SALT LAKE CITY — Within the span of a week, Dr. Kirsten Doub suffered both a black eye and bloody lip on the job. But it’s not the physical demands of her work, but the emotional ones, that make veterinary medicine so difficult, she says.
Doub, owner of Union Park Veterinary Hospital in Cottonwood Heights, Utah, concurs with a recent study that found veterinarians have high rates of moral distress, the psychological pain that occurs when a person feels compelled to act in a way that is contrary to his or her moral code.
"We are expected to be flawless and to drift off to sleep every night with a free conscience," Doub wrote recently on her Facebook page. And yet, "We are part of a profession plagued with the highest rates of suicide, depression and substance abuse."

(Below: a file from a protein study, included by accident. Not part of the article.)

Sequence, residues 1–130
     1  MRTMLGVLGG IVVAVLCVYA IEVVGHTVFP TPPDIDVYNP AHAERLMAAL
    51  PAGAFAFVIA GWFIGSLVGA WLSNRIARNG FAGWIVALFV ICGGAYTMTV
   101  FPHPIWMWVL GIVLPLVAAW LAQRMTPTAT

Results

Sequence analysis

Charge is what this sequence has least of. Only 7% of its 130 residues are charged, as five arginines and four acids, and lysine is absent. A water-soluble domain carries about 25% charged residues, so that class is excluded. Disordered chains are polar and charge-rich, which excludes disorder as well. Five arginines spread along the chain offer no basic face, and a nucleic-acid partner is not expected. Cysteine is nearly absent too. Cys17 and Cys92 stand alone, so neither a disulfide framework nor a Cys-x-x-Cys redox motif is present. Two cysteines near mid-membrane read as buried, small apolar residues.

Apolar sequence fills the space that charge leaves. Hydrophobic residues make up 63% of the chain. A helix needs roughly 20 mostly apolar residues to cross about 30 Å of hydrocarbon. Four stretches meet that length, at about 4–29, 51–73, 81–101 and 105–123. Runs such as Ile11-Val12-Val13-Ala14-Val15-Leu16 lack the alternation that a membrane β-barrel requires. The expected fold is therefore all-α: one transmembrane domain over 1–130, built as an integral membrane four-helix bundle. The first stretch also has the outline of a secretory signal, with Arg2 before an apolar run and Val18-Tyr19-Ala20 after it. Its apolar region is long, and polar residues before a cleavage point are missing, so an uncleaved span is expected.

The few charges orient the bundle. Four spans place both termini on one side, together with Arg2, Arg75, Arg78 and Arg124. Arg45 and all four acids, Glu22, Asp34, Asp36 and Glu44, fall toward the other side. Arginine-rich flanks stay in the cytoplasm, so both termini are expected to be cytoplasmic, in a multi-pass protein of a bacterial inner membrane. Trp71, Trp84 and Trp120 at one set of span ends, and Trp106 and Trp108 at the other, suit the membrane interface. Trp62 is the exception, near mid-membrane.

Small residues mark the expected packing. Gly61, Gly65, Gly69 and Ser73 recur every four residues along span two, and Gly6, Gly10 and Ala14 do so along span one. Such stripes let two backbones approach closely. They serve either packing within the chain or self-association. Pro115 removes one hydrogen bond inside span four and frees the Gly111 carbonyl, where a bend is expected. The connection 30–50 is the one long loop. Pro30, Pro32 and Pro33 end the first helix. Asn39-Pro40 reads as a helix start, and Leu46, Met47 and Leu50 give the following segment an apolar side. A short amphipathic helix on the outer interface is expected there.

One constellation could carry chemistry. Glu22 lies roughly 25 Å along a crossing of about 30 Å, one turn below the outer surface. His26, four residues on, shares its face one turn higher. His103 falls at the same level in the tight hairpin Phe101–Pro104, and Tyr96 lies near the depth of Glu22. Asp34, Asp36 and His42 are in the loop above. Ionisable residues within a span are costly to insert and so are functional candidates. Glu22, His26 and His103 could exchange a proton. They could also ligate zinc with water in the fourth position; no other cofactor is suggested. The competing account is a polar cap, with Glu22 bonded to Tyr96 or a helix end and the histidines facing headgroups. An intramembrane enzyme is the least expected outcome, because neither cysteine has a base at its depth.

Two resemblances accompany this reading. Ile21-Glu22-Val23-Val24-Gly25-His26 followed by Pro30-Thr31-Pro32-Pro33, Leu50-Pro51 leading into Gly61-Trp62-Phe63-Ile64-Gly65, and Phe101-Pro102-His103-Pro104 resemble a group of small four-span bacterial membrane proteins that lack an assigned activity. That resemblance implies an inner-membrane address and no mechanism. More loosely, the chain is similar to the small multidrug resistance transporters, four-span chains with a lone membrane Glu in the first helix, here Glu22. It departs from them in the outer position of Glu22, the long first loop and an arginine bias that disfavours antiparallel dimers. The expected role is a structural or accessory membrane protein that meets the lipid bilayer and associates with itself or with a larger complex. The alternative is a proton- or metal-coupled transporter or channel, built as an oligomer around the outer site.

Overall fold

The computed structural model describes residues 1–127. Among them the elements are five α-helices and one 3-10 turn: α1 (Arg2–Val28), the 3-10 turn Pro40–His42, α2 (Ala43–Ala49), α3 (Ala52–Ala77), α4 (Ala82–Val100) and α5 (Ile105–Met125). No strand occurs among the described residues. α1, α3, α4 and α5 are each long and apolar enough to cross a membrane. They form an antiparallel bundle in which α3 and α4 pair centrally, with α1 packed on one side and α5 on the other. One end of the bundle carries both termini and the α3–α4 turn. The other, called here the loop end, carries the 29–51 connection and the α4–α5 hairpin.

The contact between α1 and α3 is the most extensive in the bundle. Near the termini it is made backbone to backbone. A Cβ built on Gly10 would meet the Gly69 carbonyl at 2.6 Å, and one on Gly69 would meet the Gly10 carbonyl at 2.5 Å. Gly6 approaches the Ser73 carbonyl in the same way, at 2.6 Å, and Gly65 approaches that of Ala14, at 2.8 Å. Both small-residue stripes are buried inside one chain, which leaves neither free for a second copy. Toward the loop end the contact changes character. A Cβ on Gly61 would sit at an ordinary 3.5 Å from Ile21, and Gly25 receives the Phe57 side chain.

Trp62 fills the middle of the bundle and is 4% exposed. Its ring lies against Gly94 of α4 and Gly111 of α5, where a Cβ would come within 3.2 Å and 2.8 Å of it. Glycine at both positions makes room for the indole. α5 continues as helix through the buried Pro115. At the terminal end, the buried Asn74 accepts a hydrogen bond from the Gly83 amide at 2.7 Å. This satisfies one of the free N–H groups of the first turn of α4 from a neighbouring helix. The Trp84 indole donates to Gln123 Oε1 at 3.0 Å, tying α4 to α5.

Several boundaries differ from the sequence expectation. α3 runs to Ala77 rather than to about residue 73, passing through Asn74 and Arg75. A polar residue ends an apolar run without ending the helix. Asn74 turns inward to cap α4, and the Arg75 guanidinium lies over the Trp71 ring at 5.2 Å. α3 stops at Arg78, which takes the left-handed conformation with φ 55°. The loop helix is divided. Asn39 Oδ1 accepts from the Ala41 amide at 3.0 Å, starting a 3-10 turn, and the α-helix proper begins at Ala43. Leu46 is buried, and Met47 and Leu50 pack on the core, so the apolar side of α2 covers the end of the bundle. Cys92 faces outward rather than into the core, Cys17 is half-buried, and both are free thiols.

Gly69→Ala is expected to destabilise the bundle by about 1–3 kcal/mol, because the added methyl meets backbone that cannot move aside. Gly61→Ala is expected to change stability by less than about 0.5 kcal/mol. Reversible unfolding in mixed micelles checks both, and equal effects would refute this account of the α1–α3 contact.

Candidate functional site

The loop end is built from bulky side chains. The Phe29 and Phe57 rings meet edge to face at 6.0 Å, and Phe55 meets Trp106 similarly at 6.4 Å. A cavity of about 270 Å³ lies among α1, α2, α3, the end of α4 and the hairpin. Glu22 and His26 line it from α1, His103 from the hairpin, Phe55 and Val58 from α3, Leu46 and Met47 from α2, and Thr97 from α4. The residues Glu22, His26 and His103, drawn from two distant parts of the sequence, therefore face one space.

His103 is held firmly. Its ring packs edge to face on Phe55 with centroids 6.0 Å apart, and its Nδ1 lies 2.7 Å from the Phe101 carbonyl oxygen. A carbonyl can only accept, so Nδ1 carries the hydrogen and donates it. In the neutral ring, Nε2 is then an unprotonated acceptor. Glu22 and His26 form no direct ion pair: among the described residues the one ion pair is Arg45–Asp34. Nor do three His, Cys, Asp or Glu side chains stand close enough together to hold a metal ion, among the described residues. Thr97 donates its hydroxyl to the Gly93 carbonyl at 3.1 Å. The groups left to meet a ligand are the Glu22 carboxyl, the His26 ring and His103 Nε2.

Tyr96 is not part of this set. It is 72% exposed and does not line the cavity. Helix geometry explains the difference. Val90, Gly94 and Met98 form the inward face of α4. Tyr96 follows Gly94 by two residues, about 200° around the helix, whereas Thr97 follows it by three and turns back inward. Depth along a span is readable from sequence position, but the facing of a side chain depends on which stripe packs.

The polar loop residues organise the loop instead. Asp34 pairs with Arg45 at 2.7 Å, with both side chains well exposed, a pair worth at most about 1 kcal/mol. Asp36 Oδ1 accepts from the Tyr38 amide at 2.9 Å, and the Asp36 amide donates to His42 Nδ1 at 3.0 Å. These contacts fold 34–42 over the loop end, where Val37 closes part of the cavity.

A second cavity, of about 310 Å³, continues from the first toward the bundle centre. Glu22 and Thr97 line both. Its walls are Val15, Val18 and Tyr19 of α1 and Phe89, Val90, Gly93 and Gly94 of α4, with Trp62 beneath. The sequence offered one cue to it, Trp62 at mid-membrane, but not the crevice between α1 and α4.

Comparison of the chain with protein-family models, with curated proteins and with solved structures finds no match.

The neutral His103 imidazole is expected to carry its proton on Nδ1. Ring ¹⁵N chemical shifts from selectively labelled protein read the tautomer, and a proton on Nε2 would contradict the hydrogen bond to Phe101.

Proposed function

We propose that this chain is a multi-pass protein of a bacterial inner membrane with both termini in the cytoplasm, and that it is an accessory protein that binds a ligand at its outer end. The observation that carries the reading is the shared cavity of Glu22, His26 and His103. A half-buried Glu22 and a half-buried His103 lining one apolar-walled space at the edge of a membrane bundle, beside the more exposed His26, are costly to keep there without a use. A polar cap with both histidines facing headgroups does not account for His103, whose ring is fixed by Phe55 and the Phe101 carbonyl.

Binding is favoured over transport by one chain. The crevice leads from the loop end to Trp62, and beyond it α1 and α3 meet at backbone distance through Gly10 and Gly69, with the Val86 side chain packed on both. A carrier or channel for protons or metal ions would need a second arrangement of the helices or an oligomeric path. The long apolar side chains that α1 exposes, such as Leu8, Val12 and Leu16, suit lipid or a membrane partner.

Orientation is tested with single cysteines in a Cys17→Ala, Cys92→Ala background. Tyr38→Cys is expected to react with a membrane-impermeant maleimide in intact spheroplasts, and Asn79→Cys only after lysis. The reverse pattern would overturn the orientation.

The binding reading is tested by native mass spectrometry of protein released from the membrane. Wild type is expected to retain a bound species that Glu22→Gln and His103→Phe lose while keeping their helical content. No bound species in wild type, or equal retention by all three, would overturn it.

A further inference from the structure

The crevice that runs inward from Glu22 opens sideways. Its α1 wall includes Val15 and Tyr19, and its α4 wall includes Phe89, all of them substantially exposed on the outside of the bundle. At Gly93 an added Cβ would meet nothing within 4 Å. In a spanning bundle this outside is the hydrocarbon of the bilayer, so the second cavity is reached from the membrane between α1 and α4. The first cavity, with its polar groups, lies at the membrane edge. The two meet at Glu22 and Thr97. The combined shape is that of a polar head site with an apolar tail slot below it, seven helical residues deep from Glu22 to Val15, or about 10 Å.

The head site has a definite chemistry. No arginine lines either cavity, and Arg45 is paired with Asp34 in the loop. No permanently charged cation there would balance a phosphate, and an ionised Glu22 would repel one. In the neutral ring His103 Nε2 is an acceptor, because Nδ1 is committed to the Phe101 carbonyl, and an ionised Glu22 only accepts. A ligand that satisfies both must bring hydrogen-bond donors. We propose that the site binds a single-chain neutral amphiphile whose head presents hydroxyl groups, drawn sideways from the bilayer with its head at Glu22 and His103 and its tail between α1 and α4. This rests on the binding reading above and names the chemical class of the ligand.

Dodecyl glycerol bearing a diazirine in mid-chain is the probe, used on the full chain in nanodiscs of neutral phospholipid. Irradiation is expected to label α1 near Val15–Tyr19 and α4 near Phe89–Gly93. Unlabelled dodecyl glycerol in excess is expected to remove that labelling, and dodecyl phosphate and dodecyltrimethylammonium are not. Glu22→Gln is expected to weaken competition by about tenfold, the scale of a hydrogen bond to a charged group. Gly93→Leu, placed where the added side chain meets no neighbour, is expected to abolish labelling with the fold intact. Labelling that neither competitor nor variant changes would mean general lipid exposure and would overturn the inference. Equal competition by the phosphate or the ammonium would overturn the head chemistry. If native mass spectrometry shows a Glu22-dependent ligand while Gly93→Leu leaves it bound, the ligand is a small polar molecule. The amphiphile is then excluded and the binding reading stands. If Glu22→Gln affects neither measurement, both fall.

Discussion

The study, published Aug. 6 in the Journal of Internal Veterinary Medicine, was the latest to show that a condition once mainly associated with war veterans is being noticed — and treated — in other professions.
Earlier this year, Dr. Simon Talbot and Dr. Wendy Dean, writing in the health and medicine publication STAT, said physicians are suffering from widespread moral injury because of their inability to offer quality patient care under the bureaucratic constraints of the health care system.
And moral distress and injury among nurses has been a concern for more than a quarter of a century.